SPECIFICITY IN LEASES: When is too much detail a problem for the parties (or even in this article)?

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No one wants too much or too little. But where is the Goldilocks’ solution? Err on the side of too much rather than too little?  Stick to the amount determined by local business standards? Somewhere in the middle? Enough to get the deal the deal done?  Hmmmmmm….

In order to analyze this situation, let’s imagine subpoenas were issued for a representative of each of following players in a lease negotiation to given confidential testimony on this question, including their overriding goals. Each representative is given pure anonymity and the prompt to be as forthright and open as possible. The investigator interviews each person and then reviews his notes. A clear answer does not appear. Rubbing his eyes, he looks at the testimony again:

Interviewee #1: “Main objective – Protect client – all other concerns (except for generating fees) secondary – cover as much as you can, but leave flexibility for your client and tie the other party down to hard and fast rules. Don’t leave any room for ambiguities or multiple interpretations. The more specificity, the better; even if the lease is 75 pages long without exhibits.”

Interviewee #2: “Main objective – Protect Asset and investors at all costs (but may have to re-think for large big box anchors) – cover the important topics, protect against liability/risks and make a one size fits all form that can be used again with minimum modifications and costs. Be specific, but no overkill on legal terms.”

Interviewee #3: “Main objective – Protect business/brand/premises – make the lease clear and specific to your business needs, but leave room for unforeseen changes and options for the future (change of use, assignment, improvements, modification of premises). Specifics are important on business terms, but just put in enough detail on the rest to avoid problems down the road.

Interviewee #4: “Main Objective – Protect client relationship for future deals and commission rights – need clear short forms that are advantageous to client and don’t make the document too complicated or lengthy to scare away prospects. Keep negotiations quick and to the point. Seal the deal and move on.

Interviewee #5: “Main Objective – Clear terms and stay true to the  “KISS principle” – make the lease clear and specific on each parties’ duties and lease procedures. Make sure there is step by step mechanism to deal with issues that arise during the term. Don’t be too vague on terms like using “reasonable efforts” or “local business standards.” Don’t leave open-ended terms that require an inquiry into what the parties and their brokers may have intended before the lease was signed or require third-party investigation to determine conditions.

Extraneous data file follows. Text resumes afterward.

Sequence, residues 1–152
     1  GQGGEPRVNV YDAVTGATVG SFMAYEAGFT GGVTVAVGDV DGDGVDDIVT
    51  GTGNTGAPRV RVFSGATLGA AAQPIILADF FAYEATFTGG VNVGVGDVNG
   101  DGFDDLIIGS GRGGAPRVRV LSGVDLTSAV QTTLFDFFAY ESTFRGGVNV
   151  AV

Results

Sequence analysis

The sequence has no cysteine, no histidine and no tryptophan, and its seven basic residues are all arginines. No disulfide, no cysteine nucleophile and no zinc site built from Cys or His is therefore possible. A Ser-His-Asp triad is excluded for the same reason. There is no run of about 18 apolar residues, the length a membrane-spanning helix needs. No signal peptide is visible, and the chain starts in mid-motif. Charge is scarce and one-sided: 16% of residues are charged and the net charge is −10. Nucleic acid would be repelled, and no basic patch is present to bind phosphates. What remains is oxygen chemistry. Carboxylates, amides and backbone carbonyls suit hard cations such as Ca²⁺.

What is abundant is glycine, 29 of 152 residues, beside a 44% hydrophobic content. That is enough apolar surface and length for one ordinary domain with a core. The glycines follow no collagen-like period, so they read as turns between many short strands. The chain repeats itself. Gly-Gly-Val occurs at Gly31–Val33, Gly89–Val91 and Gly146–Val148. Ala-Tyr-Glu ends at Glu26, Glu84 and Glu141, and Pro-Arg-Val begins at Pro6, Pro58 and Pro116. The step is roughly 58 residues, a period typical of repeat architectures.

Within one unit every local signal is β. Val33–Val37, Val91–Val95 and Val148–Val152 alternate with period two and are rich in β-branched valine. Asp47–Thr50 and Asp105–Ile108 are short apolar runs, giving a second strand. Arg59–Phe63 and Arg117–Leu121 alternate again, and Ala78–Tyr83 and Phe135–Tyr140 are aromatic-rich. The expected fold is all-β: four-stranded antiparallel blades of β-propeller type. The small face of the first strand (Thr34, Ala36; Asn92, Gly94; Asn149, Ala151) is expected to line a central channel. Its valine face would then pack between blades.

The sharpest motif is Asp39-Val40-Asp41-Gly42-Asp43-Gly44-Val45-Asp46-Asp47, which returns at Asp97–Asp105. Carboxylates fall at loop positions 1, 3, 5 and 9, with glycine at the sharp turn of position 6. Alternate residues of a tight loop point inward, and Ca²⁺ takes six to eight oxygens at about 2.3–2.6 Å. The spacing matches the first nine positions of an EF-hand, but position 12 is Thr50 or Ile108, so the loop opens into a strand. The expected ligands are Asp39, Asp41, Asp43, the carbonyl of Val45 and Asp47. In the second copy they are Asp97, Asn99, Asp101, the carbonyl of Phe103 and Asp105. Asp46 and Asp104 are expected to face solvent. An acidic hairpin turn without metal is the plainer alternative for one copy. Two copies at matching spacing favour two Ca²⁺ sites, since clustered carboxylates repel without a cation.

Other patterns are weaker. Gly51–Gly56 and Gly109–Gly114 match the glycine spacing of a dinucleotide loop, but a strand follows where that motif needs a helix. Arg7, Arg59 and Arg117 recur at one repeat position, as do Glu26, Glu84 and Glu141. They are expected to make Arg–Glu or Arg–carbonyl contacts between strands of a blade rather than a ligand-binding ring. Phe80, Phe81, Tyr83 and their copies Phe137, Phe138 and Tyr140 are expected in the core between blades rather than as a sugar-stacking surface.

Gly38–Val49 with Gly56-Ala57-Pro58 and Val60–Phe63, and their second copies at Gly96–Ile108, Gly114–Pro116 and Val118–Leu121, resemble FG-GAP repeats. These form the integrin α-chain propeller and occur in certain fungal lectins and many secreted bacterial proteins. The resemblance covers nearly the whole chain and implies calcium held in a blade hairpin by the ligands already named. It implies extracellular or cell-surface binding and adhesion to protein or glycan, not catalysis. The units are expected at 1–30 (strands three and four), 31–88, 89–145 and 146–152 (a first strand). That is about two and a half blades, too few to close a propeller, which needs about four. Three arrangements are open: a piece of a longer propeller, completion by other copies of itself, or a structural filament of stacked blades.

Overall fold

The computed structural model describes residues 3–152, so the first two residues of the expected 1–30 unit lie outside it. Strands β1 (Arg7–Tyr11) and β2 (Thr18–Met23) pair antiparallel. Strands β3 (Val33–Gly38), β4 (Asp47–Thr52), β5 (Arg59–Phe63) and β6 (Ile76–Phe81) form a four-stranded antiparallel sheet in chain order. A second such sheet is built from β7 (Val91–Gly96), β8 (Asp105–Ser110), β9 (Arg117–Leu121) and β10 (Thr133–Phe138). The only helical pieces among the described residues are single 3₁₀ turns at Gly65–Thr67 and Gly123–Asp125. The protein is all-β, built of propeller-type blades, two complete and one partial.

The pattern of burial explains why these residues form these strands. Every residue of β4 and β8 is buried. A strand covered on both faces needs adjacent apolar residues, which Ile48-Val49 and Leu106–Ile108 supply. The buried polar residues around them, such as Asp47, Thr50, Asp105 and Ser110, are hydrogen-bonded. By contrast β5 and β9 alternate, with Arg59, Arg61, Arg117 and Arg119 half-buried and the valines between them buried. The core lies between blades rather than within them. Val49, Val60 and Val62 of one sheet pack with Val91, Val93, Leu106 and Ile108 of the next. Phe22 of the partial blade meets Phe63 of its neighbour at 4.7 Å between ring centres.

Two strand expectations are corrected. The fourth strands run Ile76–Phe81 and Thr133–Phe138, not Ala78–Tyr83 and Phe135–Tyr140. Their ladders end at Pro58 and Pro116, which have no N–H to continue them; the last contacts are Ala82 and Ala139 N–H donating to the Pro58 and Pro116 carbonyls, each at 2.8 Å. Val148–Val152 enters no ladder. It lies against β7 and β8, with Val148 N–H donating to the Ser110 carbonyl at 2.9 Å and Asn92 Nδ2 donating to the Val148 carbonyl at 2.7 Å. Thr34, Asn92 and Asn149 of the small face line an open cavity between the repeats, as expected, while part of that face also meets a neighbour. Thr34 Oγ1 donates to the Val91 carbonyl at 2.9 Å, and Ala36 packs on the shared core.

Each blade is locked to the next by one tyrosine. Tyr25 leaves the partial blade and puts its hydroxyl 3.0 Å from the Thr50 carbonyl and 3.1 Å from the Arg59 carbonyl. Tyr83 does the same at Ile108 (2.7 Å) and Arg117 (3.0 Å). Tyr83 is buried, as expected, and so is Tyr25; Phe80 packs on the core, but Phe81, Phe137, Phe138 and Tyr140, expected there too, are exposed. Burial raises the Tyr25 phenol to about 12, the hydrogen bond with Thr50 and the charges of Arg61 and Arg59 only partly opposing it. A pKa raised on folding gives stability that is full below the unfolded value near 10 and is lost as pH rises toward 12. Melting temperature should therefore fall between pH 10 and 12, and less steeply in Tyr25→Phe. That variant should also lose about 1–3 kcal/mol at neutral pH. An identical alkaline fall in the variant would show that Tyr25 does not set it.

I will let you guess who are the representatives are. Hint = some are paid salary, some by the hour and some per deal.

So where to go from here? Everyone wants to insure the transaction is consummated and everyone wants to  make sure no one walks away with bruised feelings.

Some issues to think about (but by no means the only ones):

1. Who calls the shots on the LOI and the initial discussions?

2. Are concerns of the property managers part of the conversation or just dealt with internally after the lease is signed?

3. If you are a landlord and/or tenant, how do you instruct the others involved in the negotiations?

4. What are the marching orders given to the lawyers and brokers on business terms by the landlord and the tenant?

5. As a broker, when do you step in to advise your client?

6. As an attorney, should you advise on business terms?

Here’s one opinion, but I invite others to jump in.

The attorney should be fully advised and aware of all business terms and particularities of the parties and the property involved. The brokers should bring their extensive knowledge of the market, local business practice, trends and the property.  Landlord should be open to discussing terms that may not be in their form lease or ordinary practice. Tenant should be aware of their limitations, but also protective of their core business. Property managers should have input especially in unique uses.

And what would you say?

One thought on “SPECIFICITY IN LEASES: When is too much detail a problem for the parties (or even in this article)?

  1. Every lease is made up of assets and liabilities. Every right and every option is an asset. And every obligation and every responsibility is a liability. And where a tenant enjoys an asset, the landlord is burdened by the opposite liability. And where the tenant is burdened by a liability, the landlord enjoys a corresponding asset.

    In constructing a lease, the landlord’s primary goal is to protect his property. An aggressive landlord will do so by creating for himself within the document maximum power, leverage, flexibility, profitability, and deniability. And none for the tenant. And he secures those advantages by being very specific about his rights and the tenants obligations while, at the same time, being very vague about the tenant’s rights and the landlord’s obligations.

    Lease negotiation is about creating a workable balance of assets and liabilities. “Workable” meaning sufficiently memorializing the understanding to the end that the intentions of the parties are reflected to the greatest degree practicable. Note that I did not say a “fair” balance or a “reasonable” balance. “Fair” and “reasonable” are highly subjective. And what is “fair” to the predator is not often what is “fair” to the prey.


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